Conductivity Calculations

Previous blogs have talked about heat conductivity in very general terms to produce a foundation for this somewhat more technical view for those of you who like formulas and numbers.

Conductive heat transfer can be expressed with “Fourier’s Law

  • q = k A dT / s
  • where
  • q = heat transfer (W, J/s, Btu/hr)
  • A = heat transfer area (m2, ft2)
  • k = thermal conductivity of material (W/m K or W/m oC, Btu/(hr oF ft2/ft))
  • dT = temperature gradient – difference – in the material (K or oC, oF)
  • s = material thickness (m, ft)

Using this equation, one can easily calculate the amount of heat that will be conducted through a given material in a given period of time knowing its thermal conductivity, its cross section, length of the conductive path (thickness in the case of something more flat) and temperature differential between the heat source and the heat sink.  Let’s look at each in a little more detail – –

First, you need to make sure that the (k) you are using is in the proper units, English or metric.  The heat transfer area (A) is the cross section of the conductive path in either square meters or square feet (inches).  This could be the cross section of a conductive bar or the surface area of an electric heater, for example. The temperature gradient (dT) is the difference in degrees centigrade (or degrees kelvin) or degrees Fahrenheit between the temperature of the heat source and the temperature of the heat destination.  This equation works in the case that the heat source and the heat sink are able to maintain their temperatures despite the removal and addition of heat as heat is conducted from one to the other.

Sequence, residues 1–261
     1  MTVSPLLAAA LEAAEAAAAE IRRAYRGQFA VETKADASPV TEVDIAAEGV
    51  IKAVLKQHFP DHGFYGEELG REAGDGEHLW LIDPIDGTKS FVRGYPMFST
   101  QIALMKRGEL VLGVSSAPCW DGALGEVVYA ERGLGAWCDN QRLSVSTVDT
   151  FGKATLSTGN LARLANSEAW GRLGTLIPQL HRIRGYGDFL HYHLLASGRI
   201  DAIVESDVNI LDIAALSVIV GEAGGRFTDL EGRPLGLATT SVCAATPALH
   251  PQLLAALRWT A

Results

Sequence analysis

Note – Calculating what will happen if the temperature of the source is lowered by the removal of heat and the temperature of the destination is increased by the addition of conducted heat is a little more complex requiring calculus (which I do as infrequently as possible).

The material thickness (s) is the length of the conductive path in meters or feet between the heat source and the heat destination.

Although this equation can give specific numbers, it can also be useful in getting an intuitive feel for the effect that can be expected when various parameters are changed.  For example, the greater the area of the conductive path, the greater the heat transfer.  Doubling the contact area of a heater will double the ability for it to conduct heat to the heated surface.  In another example, reducing the thickness of a metal by 1/2 will double the amount of heat that can be conducted through it.

The equation also tells us that if you need to increase the temperature differential between the source of heat and the heat sink as in the case of an insulator, you need to either reduce the conductivity of the material between them, increase the length of the conductive path or decrease the cross section of the conductive path.  To decrease the temperature differential as in the case of transferring heat to a heating bath, reverse procedures will produce the desired effect.

It is convenient that everything changes in direct proportion as there are no squared factors.  Doubling or halving any given parameter will either double or halve the result.

 –  FJF  –

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